John Crane, police chief in Gadsden, Alabama, was suspended for 15 days by the Gadsden Civil Service Board for continuing a religious outreach to a family friend who was arrested and incarcerated.
Justin Denson was a friend of John Crane’s son in high school, and after he was accused of killing his mother in 2009, Mr. Crane (then a Birmingham police officer) felt called by God to reach out to the young man. He visited Justin Denson once a month in the Etowah County Detention Center for about three years. He also purchased a suit for Justin to wear in court and put money into his commissary account.
Mr. Crane, with a spotless record and standing within the community, said he spoke with Justin solely about the power of God and his Catholic faith, and merely did as Matthew 25 commanded him to do — give food to the hungry, drink to the thirsty, clothing to the naked, and visit those in prison.
Prosecutors settled the case against Mr. Denson in November 2012, allowing him plead guilty to murder and credit card fraud. He was sentenced in February 2013 to 119 years in prison.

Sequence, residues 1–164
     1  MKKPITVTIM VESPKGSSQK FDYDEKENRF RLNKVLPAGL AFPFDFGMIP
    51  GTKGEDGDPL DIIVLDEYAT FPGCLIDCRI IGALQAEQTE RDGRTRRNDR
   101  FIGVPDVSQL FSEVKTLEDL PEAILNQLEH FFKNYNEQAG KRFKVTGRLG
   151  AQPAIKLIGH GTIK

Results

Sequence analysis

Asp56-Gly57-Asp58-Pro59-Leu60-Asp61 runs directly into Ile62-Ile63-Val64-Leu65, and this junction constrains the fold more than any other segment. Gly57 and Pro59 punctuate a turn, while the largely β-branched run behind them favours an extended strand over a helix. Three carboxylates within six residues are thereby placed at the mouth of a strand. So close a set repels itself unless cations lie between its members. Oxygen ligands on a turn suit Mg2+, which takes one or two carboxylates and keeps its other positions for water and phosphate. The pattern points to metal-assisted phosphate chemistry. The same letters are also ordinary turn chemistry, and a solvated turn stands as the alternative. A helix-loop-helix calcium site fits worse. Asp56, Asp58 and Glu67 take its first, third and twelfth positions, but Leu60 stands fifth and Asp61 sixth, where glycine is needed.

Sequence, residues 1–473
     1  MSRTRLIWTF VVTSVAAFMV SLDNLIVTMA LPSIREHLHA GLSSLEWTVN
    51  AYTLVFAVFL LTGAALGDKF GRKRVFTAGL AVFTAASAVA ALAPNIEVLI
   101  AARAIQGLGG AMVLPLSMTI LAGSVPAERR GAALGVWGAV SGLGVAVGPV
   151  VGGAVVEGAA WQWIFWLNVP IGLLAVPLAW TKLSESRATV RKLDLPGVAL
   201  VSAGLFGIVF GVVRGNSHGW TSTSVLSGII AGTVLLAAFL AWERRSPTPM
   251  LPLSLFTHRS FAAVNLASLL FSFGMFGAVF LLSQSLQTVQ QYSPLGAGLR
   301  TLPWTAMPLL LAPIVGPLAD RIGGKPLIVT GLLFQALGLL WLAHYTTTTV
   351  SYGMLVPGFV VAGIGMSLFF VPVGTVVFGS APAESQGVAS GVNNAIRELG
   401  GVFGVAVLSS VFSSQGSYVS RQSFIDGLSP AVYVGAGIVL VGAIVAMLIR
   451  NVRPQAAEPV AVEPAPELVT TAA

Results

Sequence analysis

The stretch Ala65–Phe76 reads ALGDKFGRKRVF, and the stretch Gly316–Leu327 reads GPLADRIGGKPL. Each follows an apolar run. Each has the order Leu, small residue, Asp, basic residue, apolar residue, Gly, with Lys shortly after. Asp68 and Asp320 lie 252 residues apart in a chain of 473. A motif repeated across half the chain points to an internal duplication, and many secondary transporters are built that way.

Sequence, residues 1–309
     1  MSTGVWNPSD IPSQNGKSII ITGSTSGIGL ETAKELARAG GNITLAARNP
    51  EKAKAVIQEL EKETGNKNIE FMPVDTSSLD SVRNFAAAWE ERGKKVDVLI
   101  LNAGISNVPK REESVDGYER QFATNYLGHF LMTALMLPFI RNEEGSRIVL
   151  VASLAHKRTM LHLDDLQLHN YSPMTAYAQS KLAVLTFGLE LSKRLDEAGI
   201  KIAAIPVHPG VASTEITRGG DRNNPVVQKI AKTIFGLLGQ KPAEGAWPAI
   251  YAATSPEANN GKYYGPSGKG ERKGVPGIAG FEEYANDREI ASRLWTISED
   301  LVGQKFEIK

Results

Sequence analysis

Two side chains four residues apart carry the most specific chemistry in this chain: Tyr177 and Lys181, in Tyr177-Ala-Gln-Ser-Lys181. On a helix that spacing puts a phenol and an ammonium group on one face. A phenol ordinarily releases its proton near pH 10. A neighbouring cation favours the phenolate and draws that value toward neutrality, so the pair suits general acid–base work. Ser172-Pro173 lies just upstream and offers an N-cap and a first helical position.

Justin’s cousin was upset when prosecutors found out about Mr. Crane’s visits and called for him to be removed from his position as police chief for “associating with a known felon.”
At the Civil Service Board hearing that followed, District Attorney Jimmie Harp testified he did not consider Chief Crane to be “associated” with Justin Denson within the meaning of the rule, which is intended to keep people from getting involved in criminal situations.
Board member Jason Stinson praised Crane’s performance as police chief, but said no officer of the Gadsden Police Department should visit someone in jail who has been charged with or convicted of a felony.
Chief Crane explained that he was following the will of God in ministering to this young man. “If I had not done this, how would I answer the question of, ‘Chief Crane, I sent you this man, to get him to turn his life around, and you didn’t do it because it’s not your job?'” he said.
Chief Crane continues to correspond with Justin, who has been transferred to the state prison system, and indicated his faith would dictate he continue to visit him as well.
The board found that Chief Crane’s ministry to Justin Denson violated its rules and may have negatively impacted the reputation or perceived reputation of the Gadsden Police Department. Ten days of the 15-day penalty will be held in abeyance until a later hearing, and Crane will serve his suspension during the last five working days of June.